Having established that the beliefs in question are false, Wollheim enters the second part of his argument by asking: why should the utilitarian Mill ignore the pain caused by the false beliefs about an action? After all, these pains are no less real than the pains arising from true beliefs. Wollheim says that Mill was perhaps inclined simply to disregard the pain caused through false beliefs in the same way that he looked down on the comforts of unreason and error. This inclination is supported by Mill's view that as intellectual inquiry progresses, false moral beliefs will be eliminated.

However, these considerations only show Mill to be a very imperfect utilitarian, and this goes against Wollheim's general thesis. Perhaps Mill is right that false moral beliefs will vanish with the progress of intellectual inquiry, but a good utilitarian will still take into account the pain brought about by false beliefs so long as the pain exists. Of course if he thinks that certain false beliefs will soon disappear he will not give much significance to the distress to which they give rise. But here what discounts the distress is not the falsity of the beliefs, but the short-lived or temporary nature of the distress. And if Mill was disposed bluntly to discount both the pleasures and pains arising from false beliefs as such, then he would have abandoned the utilitarian axiom that all pleasures as such are good, and all pains as such are evil.

However, even though in the second part of his argument Wollheim. does not succeed in explaining why a utilitarian [24/25] would ignore the pain caused through false beliefs, there was no need for him to have embarked on this task. The first part of his argument, if sound, already gives him all that is necessary. For he has already explained why the pain caused by the belief that the act is wrong should be ignored: it is because otherwise an act can be made wrong simply by a sufficient number of people feeling strongly enough that it is wrong. But if any pain so caused may be disregarded, then of course it follows that any pain caused by a false belief about the wrongness of the act may be ignored. No additional argument is needed. However, what is crucial to Wollheim's argument here is not the fact that the belief is false, but rather the fact that the belief is one concerning the morality of the act. As Wollheim maintains, the utilitarian calculation must be made prior to the adoption of moral attitudes. The distress in question is to be ignored not because it stems from a false belief, but rather because it stems from a belief about the morality of the act. In a different case, a person may hold the false belief that someone is going to kill him, and as a result live in constant fear and trembling. The distress caused by this kind of false belief must be taken into account by the utilitarian, and nothing that Wollheim has said shows otherwise. But this is not the kind of distress caused by self-regarding conduct. A self-regarding action causes no relevant pain because the only pain it causes arises from the belief that it is wrong, and this pain, we have seen, is to be ignored. So it does seem that, in most cases, there would be no utilitarian reason for interfering with such actions.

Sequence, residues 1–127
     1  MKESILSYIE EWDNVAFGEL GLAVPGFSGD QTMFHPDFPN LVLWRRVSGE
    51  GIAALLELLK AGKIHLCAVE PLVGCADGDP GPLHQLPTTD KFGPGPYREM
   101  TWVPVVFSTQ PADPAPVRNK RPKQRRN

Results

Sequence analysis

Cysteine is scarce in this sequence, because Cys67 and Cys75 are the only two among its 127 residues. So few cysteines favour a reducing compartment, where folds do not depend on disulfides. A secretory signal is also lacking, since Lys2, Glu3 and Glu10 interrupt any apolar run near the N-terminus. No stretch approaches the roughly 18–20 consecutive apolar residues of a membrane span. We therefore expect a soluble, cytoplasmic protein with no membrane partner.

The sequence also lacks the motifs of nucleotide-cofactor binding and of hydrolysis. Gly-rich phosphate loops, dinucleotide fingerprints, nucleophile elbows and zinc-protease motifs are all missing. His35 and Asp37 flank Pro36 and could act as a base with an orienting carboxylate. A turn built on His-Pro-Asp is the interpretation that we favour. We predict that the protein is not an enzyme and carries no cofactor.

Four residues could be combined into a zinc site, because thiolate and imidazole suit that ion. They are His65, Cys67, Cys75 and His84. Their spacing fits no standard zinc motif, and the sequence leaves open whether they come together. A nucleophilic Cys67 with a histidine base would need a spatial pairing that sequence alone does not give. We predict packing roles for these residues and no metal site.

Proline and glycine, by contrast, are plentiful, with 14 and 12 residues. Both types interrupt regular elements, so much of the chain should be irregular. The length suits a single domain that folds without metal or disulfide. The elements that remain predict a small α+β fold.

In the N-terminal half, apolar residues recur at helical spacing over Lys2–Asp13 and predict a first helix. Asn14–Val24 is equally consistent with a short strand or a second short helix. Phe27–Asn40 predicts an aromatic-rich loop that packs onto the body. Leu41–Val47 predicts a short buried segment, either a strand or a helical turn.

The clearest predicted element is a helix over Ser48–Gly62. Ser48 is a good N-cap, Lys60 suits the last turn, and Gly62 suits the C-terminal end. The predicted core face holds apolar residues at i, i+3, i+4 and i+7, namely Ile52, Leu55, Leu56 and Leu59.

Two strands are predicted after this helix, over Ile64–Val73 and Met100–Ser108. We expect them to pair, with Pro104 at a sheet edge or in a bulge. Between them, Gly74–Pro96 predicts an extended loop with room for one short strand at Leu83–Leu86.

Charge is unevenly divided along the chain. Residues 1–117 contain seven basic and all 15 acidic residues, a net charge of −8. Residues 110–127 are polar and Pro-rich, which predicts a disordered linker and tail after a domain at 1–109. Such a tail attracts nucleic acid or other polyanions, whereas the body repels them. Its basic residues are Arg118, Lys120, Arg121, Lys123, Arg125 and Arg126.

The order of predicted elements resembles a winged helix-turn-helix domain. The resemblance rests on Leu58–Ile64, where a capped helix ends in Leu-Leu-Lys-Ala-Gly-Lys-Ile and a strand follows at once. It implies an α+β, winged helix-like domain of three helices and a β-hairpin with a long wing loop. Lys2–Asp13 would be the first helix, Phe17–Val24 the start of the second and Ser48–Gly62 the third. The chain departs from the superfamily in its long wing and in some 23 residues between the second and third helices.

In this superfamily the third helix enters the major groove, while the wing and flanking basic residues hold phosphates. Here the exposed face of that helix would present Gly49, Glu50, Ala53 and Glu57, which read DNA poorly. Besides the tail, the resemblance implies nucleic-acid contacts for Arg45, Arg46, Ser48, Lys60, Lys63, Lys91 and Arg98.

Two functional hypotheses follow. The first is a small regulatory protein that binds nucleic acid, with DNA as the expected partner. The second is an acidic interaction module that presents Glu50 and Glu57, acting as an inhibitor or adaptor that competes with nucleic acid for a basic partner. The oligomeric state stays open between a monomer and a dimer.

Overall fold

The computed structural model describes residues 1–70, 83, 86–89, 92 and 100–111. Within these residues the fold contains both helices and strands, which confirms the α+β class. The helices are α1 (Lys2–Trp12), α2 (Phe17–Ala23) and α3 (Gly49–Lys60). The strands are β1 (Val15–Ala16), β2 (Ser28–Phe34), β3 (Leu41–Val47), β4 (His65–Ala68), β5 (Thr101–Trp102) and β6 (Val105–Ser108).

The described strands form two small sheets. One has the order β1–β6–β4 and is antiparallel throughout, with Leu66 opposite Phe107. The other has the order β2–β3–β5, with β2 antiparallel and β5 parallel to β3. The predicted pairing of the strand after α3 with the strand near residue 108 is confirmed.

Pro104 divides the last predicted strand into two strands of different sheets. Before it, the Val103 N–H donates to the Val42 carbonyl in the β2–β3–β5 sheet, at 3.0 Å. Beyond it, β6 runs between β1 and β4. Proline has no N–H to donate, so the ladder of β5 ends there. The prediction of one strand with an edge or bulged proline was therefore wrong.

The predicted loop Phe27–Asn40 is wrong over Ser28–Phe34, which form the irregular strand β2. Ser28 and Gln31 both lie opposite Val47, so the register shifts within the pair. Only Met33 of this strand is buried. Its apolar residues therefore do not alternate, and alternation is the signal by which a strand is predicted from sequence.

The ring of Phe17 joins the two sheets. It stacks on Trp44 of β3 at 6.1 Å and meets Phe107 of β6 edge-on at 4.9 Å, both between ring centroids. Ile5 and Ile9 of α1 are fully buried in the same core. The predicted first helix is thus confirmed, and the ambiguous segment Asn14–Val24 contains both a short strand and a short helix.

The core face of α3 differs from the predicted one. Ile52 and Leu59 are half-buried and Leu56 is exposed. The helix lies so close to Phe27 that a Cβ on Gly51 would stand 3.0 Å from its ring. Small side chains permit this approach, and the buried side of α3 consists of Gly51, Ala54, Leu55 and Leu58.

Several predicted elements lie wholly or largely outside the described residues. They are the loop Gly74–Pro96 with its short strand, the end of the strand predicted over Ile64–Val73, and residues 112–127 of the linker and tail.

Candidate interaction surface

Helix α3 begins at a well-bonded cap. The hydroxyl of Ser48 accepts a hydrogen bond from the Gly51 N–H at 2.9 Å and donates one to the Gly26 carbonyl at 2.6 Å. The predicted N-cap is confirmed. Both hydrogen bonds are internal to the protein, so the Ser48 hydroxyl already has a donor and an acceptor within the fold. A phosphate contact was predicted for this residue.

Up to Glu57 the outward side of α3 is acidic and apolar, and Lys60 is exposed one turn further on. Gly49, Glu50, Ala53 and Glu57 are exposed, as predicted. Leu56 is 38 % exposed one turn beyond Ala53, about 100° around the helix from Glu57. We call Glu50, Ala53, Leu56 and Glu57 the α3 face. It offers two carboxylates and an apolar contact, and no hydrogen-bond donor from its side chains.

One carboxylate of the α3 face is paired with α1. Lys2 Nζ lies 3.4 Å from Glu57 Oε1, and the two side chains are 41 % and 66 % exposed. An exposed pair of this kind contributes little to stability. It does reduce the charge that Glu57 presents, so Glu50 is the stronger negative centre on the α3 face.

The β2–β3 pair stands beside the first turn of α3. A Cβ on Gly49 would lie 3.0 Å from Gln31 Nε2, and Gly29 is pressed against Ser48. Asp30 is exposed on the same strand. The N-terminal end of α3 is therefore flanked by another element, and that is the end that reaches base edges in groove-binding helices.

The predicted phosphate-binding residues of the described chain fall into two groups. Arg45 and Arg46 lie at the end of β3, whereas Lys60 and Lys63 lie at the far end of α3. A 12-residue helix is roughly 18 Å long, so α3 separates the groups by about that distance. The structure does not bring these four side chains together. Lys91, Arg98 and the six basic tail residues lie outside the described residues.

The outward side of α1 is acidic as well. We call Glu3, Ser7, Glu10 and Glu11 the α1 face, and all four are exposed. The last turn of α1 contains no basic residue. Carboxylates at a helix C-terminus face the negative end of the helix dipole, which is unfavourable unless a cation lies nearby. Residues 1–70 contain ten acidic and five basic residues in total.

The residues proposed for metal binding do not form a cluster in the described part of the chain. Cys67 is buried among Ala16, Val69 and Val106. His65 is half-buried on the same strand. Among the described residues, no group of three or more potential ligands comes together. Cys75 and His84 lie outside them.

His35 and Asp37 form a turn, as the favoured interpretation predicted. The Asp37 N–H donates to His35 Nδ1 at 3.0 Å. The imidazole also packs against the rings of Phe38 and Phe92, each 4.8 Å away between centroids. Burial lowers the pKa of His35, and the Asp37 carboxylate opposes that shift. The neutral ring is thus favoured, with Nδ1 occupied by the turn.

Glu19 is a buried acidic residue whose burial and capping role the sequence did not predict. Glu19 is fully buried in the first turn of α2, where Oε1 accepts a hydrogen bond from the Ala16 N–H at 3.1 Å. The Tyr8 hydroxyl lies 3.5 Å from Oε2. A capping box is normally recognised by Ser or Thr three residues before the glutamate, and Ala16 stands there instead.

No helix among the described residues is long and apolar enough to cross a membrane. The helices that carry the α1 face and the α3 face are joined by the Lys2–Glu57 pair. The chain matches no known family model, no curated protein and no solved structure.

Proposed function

However, I add the qualification 'in most cases' because some self-regarding actions may cause harm to the agent himself, either immediately or in the future. And given that the harm is bad enough, there will be a good utilitarian reason for paternalistic intervention to prevent the agent from harming himself. So further argument is needed to show why the utilitarian would reject paternalism. But this qualification aside, the first part of Wollheim's argument, if sound, would appear to show that there is no utilitarian basis for interfering with self-regarding conduct. But his argument is unsound.